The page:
Born in the French Alps, Eider is one of those brands that’s lesser-known in North America than it is in European resorts in France, Switzerland, and Austria. That’s not to say you won’t see Eider gear at America’s top resorts — since 2010, Eider has been the official outerwear partner of Ski Utah, the nonprofit organization promoting the state’s 14 ski resorts. Eider jackets are perfect for Utah’s world-famous powder, as they’re known for impeccable fit, high-performance fabric and functional features that put the brand a step above its competitors.
Best for Athletes: Mountain Hardware
This brand was founded in 1993 with the philosophy that everyone who enjoys the outdoors is an outdoor athlete worthy of the best apparel and equipment. You’ll still find Mountain Hardwear gear on expeditions to 26,000-foot peaks, and ski mountaineers swear by the brand’s cutting edge outerwear, tents, and sleeping bags. But you don’t have to be an extreme athlete to benefit from Mountain Hardwear’s pedigree; their outerwear is as at home on the manicured ski slopes as it is on the summit of towering peaks.
Products We Tested
How We Tested
We bought five pieces of ski clothing from top-rated brands and our reviewers tested them for 81 hours. We asked our testers to consider the most important features when using these ski clothes, from their fit to their price. We’ve outlined the key takeaways here so that you, too, know what to look for when shopping.
What to Look for in a Ski Clothing Brand
Fit When it comes to ski clothing, plenty favor a closer-to-the-body fit — there’s less material for things to snag on, and it’s more comfortable skiing in the wind if your clothes fit a little tighter. However, that isn’t everyone’s preference — just make sure to pick clothing that fits in a way that works for you, because ultimately, comfort is the greatest priority.
Cost If you go skiing frequently — or if you live somewhere with cold, wet weather — you’re going to be wearing these ski clothes pretty often. If your perfect item of clothing is a little expensive, chances are you’re going to be using it often enough to justify the splurge (and if not, there are plenty of quality budget brands out there).
Ski-specific brand If you’re shopping for clothing to wear primarily on the slopes — versus more general outerwear that will work fine on the slopes — then go for a brand that’s dedicated to designing clothing for skiing and/or snowboarding. Clothes from brands like these are likely to have details that are specifically designed for skiers, like fits that work with the body as it moves.
Test Results: Columbia Sportswear Bugaboo Pants
What We Like
What We Don't Like
No leg vents
Boxy fit won’t appeal to everyone
These ski pants were beloved by our testers for their great value: “Their affordable price tag appeals to both the regular skier and those who can only hit the slopes a few times a year,” explained one reviewer. The highlights, according to our testers, were the fact they had “plenty of insulation” and that their “outer waterproof fabric sheds snow and rain and keeps you dry on the inside.” In terms of negatives, one reviewer pointed out that they didn’t have leg vents “so you have to be careful that you don’t overheat.” Also, according to one tester, their “boxy, universal fit” won’t be everyone’s cup of tea.
Test Results: Outdoor Research Trailbreaker Pants
What We Like
Stretchy fabric moves with you
Perfect-sized thigh pockets
What We Don't Like
Dedicated avalanche pocket is small
One of our testers thought that these pants were ideal for warmer conditions: “They’re worth buying if you want uninsulated, well-ventilated pants for spring skiing or the high exertion of uphill skiing,” she said. The pants’ long leg vents in particular, according to one reviewer, allowed for extra temperature regulation. Another highlight for one tester was that their “thigh pockets are the right size and location for storing energy bars and other quick-grab items.” On the other hand, the pants’ lack of insulation made them suited for cold climates: “No insulation means you have to wear a base layer or only ski when conditions are warmer,” one reviewer said. Also, even though the pants have a dedicated avalanche pocket, one tester thought it was a little too small.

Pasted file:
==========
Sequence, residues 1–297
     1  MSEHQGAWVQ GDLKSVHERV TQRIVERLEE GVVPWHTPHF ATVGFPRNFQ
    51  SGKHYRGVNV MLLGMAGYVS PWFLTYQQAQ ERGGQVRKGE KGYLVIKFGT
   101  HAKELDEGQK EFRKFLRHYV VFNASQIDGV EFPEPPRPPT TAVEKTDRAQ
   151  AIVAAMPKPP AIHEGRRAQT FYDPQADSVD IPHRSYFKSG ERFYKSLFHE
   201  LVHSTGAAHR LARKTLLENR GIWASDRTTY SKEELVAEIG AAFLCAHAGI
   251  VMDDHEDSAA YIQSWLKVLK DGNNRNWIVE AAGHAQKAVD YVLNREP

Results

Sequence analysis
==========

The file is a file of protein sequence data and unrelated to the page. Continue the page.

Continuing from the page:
Test Results: The North Face Arrowood Triclimate Jacket
What We Like
Complete ski layering system
What We Don't Like
Details like zippers and stitches could be more durable
“For the casual skier, this is a great deal for an attractive and effective ski jacket,” declared one of our testers. One reviewer also liked that it was a “3-in-1 complete ski layering system” and that it “looked good on-piste or on the street.” The jacket’s durability, on the other hand, was the main downside, according to one tester: “Details such as zippers and stitching seem suspect and might not hold up to long-term wear,” he said. “Also, its waterproofing is lower-end and likely wouldn't last beyond a couple seasons of heavy use.”
Test Results: Spyder Fanatic Jacket
What We Like
What We Don't Like
Zippers hard to open and close
Fabric feels flimsy
Colors seem out of date
This jacket’s design was a hit with one of our testers: “The hood fits your head without a helmet better than many other large-hood jackets,” he said. “Also, the inner sleeve with the thumb hole keeps the glove cuff from sliding off.” Our reviewers also loved that it was comfortable and soft. In terms of negatives, one of our testers thought that the jacket’s zippers were “extremely hard to open and close” and that its fabric “felt flimsy.” Lastly, one reviewer felt that its “loud, two-tone color choices feel a few years out of date.”
Test Results: Arc’teryx Sabre Jacket
What We Like
Waterproof and windproof
What We Don't Like
Not as much insulation
“This jacket’s cut is generous without being slouchy to allow for movement and additional layers,” explained one of our testers. “It also keeps snow out of sleeves and waistlines.” Our reviewers also thought it was breathable and liked that it was windproof and waterproof. The downsides? One tester wished it had more insulation and also mentioned its high price tag: “The cost is hard to justify,” said one reviewer, “but if you have the money and demand the best, it’s worth buying.”